Cowslip. My favourite wild plants and flowers fickly change all the time, but I’m not sure there are any that cheer me up more than cowslips!
And the fact that they may be less dainty and slightly more chaotic than their more prized cousins and spring favourite, the primrose, just makes me love them even more! Cowslip flowers hang haphazardly in all directions, bright semaphores of grassland, a signal to spring’s warming days. They are more extrovert than their primrose relatives, less happy in the shade, they’re lovers of the limelight.
I love them for the way they blanket banks with sunshine-yellow, and I love their slightly silly name (possible derived from old English cow dung), but most of all for their smile-inducing joy!
Like too many once common wild flowers, changes in agricultural practices have led to huge losses so that now it’s even classified as rare in some places. That’s a real shame because it’s not only a plant that oozes charm, beauty and (I like to think) fun, but it’s also of great value to wildlife, offering up nectar to bumblebees such as this one, and butterflies like the Brimstone. Cowslips are also a food plant for the magnificent Duke of Burgundy butterfly.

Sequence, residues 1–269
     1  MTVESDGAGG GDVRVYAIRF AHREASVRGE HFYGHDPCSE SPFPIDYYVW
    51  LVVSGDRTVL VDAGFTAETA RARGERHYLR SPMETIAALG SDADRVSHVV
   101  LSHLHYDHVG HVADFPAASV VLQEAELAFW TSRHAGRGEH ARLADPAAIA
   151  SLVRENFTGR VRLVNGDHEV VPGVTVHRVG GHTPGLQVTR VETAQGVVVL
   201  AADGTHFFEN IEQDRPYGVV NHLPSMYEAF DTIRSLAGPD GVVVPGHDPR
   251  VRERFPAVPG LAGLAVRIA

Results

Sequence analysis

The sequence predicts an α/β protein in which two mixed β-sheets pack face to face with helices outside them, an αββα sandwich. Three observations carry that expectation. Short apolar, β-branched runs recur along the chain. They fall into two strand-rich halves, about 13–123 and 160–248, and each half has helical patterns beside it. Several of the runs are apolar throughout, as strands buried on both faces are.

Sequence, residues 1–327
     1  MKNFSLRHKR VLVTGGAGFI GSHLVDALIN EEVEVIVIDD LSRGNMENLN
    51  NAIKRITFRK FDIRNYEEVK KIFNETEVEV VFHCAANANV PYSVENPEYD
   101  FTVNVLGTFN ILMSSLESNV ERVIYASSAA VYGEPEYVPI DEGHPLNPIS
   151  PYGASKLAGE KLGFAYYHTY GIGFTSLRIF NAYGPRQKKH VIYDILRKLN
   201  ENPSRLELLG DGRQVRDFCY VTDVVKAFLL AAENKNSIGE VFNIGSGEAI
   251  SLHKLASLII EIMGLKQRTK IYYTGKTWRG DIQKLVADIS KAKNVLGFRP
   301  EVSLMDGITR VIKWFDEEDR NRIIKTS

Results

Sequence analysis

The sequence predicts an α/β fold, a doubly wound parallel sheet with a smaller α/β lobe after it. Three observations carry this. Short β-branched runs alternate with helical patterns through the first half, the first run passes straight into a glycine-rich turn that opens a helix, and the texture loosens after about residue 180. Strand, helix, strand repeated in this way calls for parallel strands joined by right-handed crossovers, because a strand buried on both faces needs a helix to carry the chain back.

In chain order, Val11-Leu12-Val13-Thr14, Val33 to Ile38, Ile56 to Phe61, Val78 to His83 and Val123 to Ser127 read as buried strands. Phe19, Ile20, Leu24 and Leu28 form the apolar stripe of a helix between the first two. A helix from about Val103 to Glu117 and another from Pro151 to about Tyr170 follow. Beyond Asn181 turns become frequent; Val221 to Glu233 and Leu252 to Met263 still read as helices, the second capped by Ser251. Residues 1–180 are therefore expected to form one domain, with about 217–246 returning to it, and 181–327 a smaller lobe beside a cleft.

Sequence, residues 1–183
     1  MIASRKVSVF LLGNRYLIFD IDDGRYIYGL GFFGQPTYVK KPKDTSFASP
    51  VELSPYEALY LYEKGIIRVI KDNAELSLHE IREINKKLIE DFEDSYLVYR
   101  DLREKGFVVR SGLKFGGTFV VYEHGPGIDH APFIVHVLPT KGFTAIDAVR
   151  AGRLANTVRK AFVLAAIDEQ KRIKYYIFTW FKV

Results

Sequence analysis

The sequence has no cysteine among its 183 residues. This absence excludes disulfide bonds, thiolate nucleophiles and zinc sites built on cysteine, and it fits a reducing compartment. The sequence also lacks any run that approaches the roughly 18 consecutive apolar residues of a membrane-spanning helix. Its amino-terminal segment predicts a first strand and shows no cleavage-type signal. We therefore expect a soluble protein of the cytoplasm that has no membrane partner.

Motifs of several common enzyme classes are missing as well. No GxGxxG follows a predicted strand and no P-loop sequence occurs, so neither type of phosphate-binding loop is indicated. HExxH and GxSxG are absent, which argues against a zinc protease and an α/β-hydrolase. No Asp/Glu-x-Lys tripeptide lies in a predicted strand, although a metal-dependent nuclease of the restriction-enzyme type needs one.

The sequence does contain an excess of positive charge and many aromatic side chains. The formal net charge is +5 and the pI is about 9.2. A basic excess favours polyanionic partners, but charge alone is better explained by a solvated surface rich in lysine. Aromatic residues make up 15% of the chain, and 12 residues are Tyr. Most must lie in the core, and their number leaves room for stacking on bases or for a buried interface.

It’s not a typically common garden plant, and it mystifies me why this should be, but I always thoroughly recommend it to anyone wanting to attract more pollinators to their garden.
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